Portville As It Was In 1892
by Smith Parish

My memory goes back to before 1892 to the time when my grandfather, Smith Parish, had a store on
the sight of the present Townsend building.  Later, my father built and operated a grocery now
owned by C. E. Chaffee and Son.  This gives us a line of merchants in Portville for three
generations.  My grandfather brought in his goods by wagon and the Genesee Valley Canal, while I
used the Pennsylvania Railroad and the Shawmut Railroad, which was a narrow gauge in 1892.

The population of the Village has not varied much since 1892.  If an industry was lost, another took
its place.  Portville’s business section was about the same as it is now.  The dry goods store next to
mine was owned by H. J. Crandall, who was assisted by Harry Holcomb.  All the stores carried a
good stock of merchandise and were well managed.  We had dirt roads with dust in the summer and
deep mud in the winter.  In front of all the stores were hitching posts for tying the horses.  Instead of
garages, there were two well-equipped blacksmith and wood-working shops, and one large livery
stable, where horses were rented out.

Horses were used in drawing our freight and delivering our store merchandise.  For many years, the
freight was drawn from the depots to the stores by Henry Ludden, Sr., grandfather of Clair Ludden.  
The Town was furnished with gas by the Producers Gas Company, and was sold at a very modest
flat rate.  No electricity was then in use.  There were only a few telephones in Portville and they were
in the business places.  If you wished to telephone, you went to the central station.  When you had an
out-of-town call, someone would call you to a store where a telephone was located.

The leading industry of 1892 was the large Dusenbury and Wheeler Tannery located on Temple
Street, and employing over one hundred men and boys.  This made a market for a large amount of
bark, which was brought in from the Oswayo Valley.  The Mersereau sawmill at the junction of
Oswayo Creek and the Allegheny River, and the Gordons Mills were large well-equipped sawmills
and made a good market for logs, which were floated down the Oswayo Creek and the River to the
mills.

In 1892, only a few Portville homes had running water.  Many families used large round tin bathtubs,
or ordinary wash tubs, which were brought into the kitchen on Saturday nights.

A very satisfactory change occurred in 1895, and this is how it happened.  There were several severe
fire losses previous to 1890, and in 1894, the Presbyterian Church was struck by lightning and
burned.  That was the climax, and the voters decided to incorporate the village and seek fire
protection.  Three trustees were elected, and my father, David L. Parish, was one of them.  They
established the reservoir on Typnahdi and the water works system.  The water pressure and supply
proved adequate for all purposes, and the Portville Fire Company was organized in 1895.

Modern plumbing was soon installed in many local homes.  I had the first contract for tapping water
mains.  From 1895 to 1905, my plumbing business was quite large and we installed many bathrooms
and kitchen sinks.

My store building was only sixty feet long in 1892.  It extended back to the wall where the steps now
lead to the offices.  The entire second floor was occupied by the Masonic Lodge and there was a
large iron stairway at the rear of the store for the use of the Lodge members.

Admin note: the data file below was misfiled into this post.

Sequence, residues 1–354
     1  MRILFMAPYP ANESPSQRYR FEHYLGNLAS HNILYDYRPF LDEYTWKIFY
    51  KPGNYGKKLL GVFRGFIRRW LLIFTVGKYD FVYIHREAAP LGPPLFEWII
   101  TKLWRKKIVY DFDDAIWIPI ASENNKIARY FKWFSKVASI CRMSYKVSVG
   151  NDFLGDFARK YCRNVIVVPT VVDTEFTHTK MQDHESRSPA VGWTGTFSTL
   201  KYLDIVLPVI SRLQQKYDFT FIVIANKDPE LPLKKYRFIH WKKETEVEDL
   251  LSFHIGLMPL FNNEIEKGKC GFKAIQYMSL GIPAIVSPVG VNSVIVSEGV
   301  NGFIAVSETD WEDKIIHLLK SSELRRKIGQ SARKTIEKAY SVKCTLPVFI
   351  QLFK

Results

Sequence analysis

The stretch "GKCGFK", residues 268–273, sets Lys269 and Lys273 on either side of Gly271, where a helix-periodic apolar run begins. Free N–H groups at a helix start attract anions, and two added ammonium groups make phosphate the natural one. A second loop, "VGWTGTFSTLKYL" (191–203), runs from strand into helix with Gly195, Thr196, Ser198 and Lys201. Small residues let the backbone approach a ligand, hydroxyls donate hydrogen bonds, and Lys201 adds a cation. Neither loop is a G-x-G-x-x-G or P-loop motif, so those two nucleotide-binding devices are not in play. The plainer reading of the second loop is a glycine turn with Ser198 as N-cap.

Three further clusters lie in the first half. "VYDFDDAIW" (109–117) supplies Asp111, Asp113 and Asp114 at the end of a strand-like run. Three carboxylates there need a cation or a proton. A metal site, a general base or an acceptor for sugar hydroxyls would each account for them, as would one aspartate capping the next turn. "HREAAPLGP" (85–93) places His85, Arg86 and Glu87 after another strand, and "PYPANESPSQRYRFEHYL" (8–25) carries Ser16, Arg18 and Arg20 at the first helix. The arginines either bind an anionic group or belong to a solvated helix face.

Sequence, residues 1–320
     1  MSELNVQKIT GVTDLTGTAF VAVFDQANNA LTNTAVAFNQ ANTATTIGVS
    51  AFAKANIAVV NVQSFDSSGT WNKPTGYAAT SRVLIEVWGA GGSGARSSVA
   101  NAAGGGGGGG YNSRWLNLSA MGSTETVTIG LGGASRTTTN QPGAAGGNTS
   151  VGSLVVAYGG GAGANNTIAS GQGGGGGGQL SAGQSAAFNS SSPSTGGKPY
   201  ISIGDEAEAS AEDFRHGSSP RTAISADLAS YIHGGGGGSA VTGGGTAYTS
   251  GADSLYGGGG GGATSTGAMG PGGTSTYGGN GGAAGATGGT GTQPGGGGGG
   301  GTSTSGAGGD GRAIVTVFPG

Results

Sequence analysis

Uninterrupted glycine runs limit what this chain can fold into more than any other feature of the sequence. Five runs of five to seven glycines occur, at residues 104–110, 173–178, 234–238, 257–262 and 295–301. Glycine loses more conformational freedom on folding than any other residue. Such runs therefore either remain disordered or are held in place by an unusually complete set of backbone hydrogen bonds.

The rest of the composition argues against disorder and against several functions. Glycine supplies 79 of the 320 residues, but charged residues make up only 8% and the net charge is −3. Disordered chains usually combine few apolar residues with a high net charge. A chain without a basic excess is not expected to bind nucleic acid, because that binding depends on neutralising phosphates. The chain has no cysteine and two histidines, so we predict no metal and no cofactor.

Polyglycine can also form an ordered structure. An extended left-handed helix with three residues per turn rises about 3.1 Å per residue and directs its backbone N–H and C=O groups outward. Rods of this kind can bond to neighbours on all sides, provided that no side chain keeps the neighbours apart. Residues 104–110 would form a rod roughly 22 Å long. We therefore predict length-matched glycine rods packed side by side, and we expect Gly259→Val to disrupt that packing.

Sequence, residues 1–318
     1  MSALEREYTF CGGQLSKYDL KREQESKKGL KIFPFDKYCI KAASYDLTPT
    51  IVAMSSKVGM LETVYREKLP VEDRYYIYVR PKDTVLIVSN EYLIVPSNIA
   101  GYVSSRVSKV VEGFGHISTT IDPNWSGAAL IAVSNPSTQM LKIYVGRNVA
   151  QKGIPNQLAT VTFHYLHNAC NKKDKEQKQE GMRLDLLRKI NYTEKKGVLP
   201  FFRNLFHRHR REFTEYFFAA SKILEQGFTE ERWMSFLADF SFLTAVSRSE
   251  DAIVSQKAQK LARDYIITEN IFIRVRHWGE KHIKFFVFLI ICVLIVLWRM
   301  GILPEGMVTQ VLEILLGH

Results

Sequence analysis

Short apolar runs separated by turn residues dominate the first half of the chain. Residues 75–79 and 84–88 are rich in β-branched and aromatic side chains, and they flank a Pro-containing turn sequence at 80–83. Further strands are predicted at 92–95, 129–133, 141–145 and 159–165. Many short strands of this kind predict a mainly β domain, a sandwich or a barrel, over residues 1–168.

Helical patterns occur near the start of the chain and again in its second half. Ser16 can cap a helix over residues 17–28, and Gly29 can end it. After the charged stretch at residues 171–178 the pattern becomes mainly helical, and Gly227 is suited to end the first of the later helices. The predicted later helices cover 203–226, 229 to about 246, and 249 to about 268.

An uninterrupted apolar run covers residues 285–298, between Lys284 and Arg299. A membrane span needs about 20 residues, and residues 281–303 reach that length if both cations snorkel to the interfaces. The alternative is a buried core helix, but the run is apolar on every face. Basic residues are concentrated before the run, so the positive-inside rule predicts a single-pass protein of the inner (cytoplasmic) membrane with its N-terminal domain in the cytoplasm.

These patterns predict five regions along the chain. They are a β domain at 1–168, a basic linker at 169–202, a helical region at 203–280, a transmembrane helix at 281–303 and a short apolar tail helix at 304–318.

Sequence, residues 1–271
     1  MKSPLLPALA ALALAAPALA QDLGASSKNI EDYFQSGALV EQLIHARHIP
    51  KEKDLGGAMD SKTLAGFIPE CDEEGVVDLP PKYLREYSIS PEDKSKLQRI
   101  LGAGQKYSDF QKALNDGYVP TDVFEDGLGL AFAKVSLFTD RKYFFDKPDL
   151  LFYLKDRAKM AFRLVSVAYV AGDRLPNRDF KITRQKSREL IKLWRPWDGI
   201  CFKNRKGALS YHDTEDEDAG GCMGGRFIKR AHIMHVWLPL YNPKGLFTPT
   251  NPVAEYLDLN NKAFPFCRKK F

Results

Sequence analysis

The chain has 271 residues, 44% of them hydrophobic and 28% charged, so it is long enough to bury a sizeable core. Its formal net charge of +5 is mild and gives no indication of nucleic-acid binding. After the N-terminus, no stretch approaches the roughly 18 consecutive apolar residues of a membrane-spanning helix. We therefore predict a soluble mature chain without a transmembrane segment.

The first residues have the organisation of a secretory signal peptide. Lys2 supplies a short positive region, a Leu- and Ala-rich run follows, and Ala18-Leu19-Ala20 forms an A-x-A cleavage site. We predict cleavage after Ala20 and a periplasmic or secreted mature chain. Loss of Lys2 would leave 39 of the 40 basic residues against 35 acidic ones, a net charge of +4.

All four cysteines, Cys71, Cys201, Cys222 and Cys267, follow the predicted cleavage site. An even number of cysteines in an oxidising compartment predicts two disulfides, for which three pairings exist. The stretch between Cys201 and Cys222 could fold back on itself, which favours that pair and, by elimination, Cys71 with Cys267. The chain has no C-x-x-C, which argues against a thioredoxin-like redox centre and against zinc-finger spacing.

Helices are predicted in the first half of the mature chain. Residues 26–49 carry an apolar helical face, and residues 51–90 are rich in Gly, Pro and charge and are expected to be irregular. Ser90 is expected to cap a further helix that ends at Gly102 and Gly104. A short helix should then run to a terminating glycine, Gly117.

All stores kept open every weekday evening until none o’clock in 1892.  The average laborer worked
ten hours per day, six days a week, for $1.50 per day.  All staple groceries and farm produce were
very cheap.  Farmers sometimes sold their eggs for ten cents per dozen.  Rents were reasonable and
taxes low.  There was no village organization nor village taxes.  Cement was nonexistent and each
property owner laid his own stone or wood walk.  A few gas street lights were erected and
maintained by individual property owners.  There were three local doctors in 1892 and they were
very busy, as they spent so much time on the road with their horses.

Indians were occasionally seen on our streets, as they would come from the Salamanca Reservation
at the time of the annual spring floods to pilot rafts of lumber down the Allegheny to the Ohio River.  
These Indians would often stay over night in my grandfather’s home, which is now the Portville
Library.  They would sleep on the living room floor in front of the fireplace, with their feet toward
the fire.

Although I would not go back to the rather primitive conditions and long working hours of 1892, still
there were some advantages in living at that time.  There was a more leisurely pace.  People were
better acquainted with each other and there were more intimate and loyal friendships.  Business
competition was not severe and loud, excessive advertising was unusual.  Business men were not
rushed at their work and felt free to take time off for recreation when they wished.  No one objected
if the store owner locked the front door during the business hours and went home for a short time.

Whatever success this store has attained is largely due to the loyal support of its customers.  Some
who traded with us in 1892 are still active purchasers.  I wish to thank the people of the Village and
surrounding territory for the volume of business they have brought us throughout these fifty years.  
It is truly appreciated.

                                                                       Signed,  Smith Parish
The Portville Historical and Preservation Society
17 Maple Avenue
Portville, NY 14770

www.portvillehistory.org
Portville, New York
The Family of Smith Parish:
(L to R) Ruth Francis Parish (later Scutt), David Watson Parish, Fanny Bell Parish,
Mary Isabel Parish, Robert Bell Parish, Smith Parish, and Earl Parish
Smith Parish Hardware.  His wife, Fanny Bell Parish, wrote a similar article about the social life in
1892.  
Read her article here.